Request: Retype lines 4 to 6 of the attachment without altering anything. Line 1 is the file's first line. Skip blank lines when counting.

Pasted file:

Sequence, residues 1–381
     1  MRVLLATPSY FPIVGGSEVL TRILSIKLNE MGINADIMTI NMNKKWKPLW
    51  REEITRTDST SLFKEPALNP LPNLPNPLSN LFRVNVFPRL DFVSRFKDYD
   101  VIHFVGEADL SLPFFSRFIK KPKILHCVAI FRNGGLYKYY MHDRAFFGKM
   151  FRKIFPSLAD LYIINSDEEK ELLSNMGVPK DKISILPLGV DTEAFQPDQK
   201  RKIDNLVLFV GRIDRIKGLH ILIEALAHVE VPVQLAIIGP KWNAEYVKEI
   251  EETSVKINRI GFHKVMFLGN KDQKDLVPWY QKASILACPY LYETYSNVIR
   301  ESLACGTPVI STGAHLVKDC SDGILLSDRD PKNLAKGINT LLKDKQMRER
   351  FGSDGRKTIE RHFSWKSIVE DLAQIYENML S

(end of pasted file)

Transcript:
   101  VIHFVGEADL SLPFFSRFIK KPKILHCVAI FRNGGLYKYY MHDRAFFGKM
   151  FRKIFPSLAD LYIINSDEEK ELLSNMGVPK DKISILPLGV DTEAFQPDQK
   201  RKIDNLVLFV GRIDRIKGLH ILIEALAHVE VPVQLAIIGP KWNAEYVKEI